Figure 3.3. Left ventricular (LV) dimensions. A: Mea-surement of the major long-axis and minor short-axis dimension of the left ventricle from the apical four-chamber view. B: Similar measurements of the LV long-axis and short-axis dimensions can be obtained from the parasternal long-axis view. C: LV short axis measured in the parasternal short-axis view. (Adapted from Shiller NB, et al. American Society of Echocardiography Committee on Standards, Subcommittee on Quantitation of Two-dimensional Echocardiograms. Recommendations for quantitation of the left ventricle by two-dimensional echocardiography. J Am Soc Echocardiogr. 1989;2:358–367.)

New echocardiographic technology and advancements in image processing have allowed improved acquisition of ventricular volume. Studies have validated the ability of three-dimensional echocardiography to obtain accurate and reproducible estimates of LV and right ventricular (RV) volumes and EF. While this imaging modality has historically been limited by the time-consuming reconstruction of acquired images, the introduction of real-time three-dimensional imaging has significantly enhanced the quantitative assessment of ventricular volume and function.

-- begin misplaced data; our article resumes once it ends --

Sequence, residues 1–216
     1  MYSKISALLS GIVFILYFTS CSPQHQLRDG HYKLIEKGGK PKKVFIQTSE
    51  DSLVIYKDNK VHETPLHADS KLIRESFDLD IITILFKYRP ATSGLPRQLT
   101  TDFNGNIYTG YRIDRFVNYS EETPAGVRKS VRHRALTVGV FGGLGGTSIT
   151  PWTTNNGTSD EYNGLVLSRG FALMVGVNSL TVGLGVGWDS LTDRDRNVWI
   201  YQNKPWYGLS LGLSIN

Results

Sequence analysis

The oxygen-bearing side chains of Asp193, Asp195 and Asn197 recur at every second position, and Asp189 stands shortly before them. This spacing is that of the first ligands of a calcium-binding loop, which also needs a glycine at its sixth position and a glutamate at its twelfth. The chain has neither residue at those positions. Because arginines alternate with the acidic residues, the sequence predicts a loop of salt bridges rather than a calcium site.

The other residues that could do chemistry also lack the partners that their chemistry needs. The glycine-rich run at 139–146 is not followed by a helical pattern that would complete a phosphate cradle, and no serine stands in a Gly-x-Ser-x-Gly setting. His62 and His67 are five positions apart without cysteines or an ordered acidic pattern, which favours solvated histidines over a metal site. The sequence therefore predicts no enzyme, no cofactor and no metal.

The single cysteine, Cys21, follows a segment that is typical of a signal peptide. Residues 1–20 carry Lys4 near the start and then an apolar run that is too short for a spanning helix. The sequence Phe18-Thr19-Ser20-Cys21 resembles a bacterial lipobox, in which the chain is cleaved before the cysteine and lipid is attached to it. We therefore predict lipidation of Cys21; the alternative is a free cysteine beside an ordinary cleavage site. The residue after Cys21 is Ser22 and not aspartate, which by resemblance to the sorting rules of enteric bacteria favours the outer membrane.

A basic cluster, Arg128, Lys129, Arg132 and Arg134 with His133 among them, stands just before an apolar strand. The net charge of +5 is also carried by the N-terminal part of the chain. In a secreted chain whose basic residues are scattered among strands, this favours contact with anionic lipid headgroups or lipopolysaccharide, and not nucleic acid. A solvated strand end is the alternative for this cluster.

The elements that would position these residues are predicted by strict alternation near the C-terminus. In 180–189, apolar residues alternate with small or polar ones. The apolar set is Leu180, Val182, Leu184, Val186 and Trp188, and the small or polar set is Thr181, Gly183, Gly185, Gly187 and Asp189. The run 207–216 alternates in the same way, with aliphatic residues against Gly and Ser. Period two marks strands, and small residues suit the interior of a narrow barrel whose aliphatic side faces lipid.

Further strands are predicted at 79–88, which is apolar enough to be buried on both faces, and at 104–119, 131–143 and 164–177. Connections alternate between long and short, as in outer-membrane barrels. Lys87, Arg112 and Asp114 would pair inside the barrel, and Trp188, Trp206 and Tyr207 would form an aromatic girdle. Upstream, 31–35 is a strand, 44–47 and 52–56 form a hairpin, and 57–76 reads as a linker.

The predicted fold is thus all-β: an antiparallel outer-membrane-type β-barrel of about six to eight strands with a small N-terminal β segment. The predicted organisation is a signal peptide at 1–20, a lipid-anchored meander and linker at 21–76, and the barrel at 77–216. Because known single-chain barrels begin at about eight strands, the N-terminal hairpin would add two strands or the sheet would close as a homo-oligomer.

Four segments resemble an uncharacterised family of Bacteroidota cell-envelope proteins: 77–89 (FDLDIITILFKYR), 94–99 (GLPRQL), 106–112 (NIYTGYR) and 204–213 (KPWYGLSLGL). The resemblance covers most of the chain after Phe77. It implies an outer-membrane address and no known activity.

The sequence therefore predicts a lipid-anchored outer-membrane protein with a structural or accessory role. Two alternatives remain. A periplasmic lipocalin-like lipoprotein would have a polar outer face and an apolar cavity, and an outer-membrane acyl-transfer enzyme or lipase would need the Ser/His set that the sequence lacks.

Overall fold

Automated border detection (ABD) is another imaging technology that uses acoustic quantification to differentiate the myocardium from the blood pool and thereby allows enhanced visualization of the endocardial border. End-diastolic and end-systolic LV area can be continuously displayed with this modality, enabling determination of ventricular volume, fractional area change, and even pressure-volume or pressure-area loops. Excellent correlation of ABD with other noninvasive and invasive measurements of ventricular function has been reported in some adult studies, but data are lacking in patients with congenital heart disease with altered ventricular geometry.

Left Ventricular Mass

LV mass can be calculated using several echocardiographic methodologies. The unifying principle behind these various measurements is to subtract the volume of the LV cavity from the volume encompassed by the LV epicardium—leaving a “shell” of myocardial muscle volume that can be converted to LV mass by factoring in the specific gravity of myocardium. Devereux and colleagues (1986) have described an M-mode formula to derive LV mass using the short-axis LV dimension as follows: